by Brad Parks
It is fascinating that by browsing in a bookstore you can find books that you never would have found online. That's the biggest reason why I still patronize bookstores. You can get a feeling for a story by holding the book and flipping through it that you can't get otherwise. I don't think I had ever heard of this author before. Without his book being on display I would have continued on, blissfully ignorant of his work. Well that would have been a loss. Don't get me wrong. You can also get some truly bad clunkers by picking up unheralded books but overall I've been pretty lucky in finding some heretofore hidden gems in bookstores. Now for all I know this book could have been hyped endlessly in various newspaper reviews. I don't know. All I know was that it was new to me. I enjoyed it. Although this book is not by any means a horror story I found myself being reminded of Stephen King for the quick easy way that Parks outlined his characters and put them in some very dangerous yet believable situations. A truism about life that is both wonderful and yet terrifying is that something horrible can happen to you, something that will change your life forever, and the world will keep on turning. Right now someone somewhere is drawing their last breath. Someone is falling in love. Someone is being fired. Someone just got shot. Someone just got promoted to partner/division head/managing director. Someone is beating their spouse. And someone is joyously listening to their child's first words. And despite all of that the sun is going to rise tomorrow.
Suburban Virginia resident and Federal District Judge Scott Sampson experiences the seeming arbitrary nature of life one Wednesday afternoon. He is, as is his prerogative as workplace boss, about to leave work early to pick up his six year old twins, Sam and Emma, from school. The plan is to go swimming at the YMCA as they do every Wednesday. Scott really enjoys being a father. He enjoys every second he spends with his offspring.
But Scott gets a text from his wife Allison saying that she forgot to tell him but that the kids have a doctor's appointment. So she'll pick them up and bring them home. Mildly disappointed Scott heads home, and having nothing else to do, starts making the kids' lunches for the next day. Scott and Allison try to live a life free of gender stereotypes, you see. But when Allison arrives home she doesn't have the kids. She denies sending any text. Before the couple can sort this out Scott gets a call from a restricted number. The caller tells him he's probably wondering where his children are. The caller tells Scott that if he or his wife even look like they're thinking of contacting the authorities, their children will pay a very dear price. There's an upcoming case in Scott's court in which the caller has an interest. Scott will receive further instructions later. All this happens in the first three pages so it's not a spoiler. This kicks off a break neck thriller/detective story in which Scott must figure out who is behind the kidnapping while trying to save his kids. Allison has her own suspicions, most of which center on the young, attractive and foreign born babysitter. It's impossible to keep Allison's family from the truth. Scott's older pushy sister-in-law has her own ideas about what to do next. And she's not shy about telling Scott what she would do if those were her kids in peril.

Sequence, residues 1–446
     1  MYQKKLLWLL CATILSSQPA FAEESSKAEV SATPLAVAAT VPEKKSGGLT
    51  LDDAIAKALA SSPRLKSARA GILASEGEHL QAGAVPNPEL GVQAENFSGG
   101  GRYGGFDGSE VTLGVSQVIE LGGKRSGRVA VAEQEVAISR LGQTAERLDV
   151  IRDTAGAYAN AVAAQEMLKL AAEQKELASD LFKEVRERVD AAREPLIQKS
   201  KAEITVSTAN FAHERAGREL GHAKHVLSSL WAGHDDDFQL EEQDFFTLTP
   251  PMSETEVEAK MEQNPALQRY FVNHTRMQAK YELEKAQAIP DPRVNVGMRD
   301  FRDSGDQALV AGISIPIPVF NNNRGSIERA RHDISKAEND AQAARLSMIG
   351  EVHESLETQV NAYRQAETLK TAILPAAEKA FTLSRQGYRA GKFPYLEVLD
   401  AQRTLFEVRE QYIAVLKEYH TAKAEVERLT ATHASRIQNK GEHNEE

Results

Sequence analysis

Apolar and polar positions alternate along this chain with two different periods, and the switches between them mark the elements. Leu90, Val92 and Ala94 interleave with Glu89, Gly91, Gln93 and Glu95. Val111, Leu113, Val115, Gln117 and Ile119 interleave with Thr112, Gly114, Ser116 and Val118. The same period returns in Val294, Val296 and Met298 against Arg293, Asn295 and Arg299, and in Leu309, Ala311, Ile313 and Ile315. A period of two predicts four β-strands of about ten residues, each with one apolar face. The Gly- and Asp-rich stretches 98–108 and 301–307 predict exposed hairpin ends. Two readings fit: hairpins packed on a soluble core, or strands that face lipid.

Some previously unthinkable ideas start rolling around Scott's head. Given the power that federal judges possess it's perhaps unusual that there aren't more attempts to unlawfully influence them. Think about your loved ones. If someone threatened to hurt them they'd have control over you, wouldn't they? Unless you're Keyser Soze that is. What would you do to someone who harmed your kith and kin? Scott reconsiders who should be inside his circle of trust. How much lying could you do to those you love? How much would you accept? The kidnapping puts immense strain on the Sampson marriage.
It is frustrating/emasculating to Scott that even though he is protected by Federal Marshals and has numerous contacts in the FBI, Congress, and the entire D.C. power structure he is unable to call upon that power to protect his children. No, he must solve this problem himself. As a federal judge Scott has tremendous discretion to shape cases according to the kidnappers' demands. But his unusual actions, though often legal, will be noted and perhaps even acted upon by court clerks, attorneys, financial journalists, higher ranking judges and most ominously Congressmen with the power to impeach. If you like mysteries with plenty of misdirection, constantly increasing tension, secrets and clues hidden in plain sight, and little hints that only become important later then you will like this story. It keeps you guessing. It switches back and forth between first and third person. Say Nothing is around 400 pages. There's not many wasted words. This cries out to be made into a film.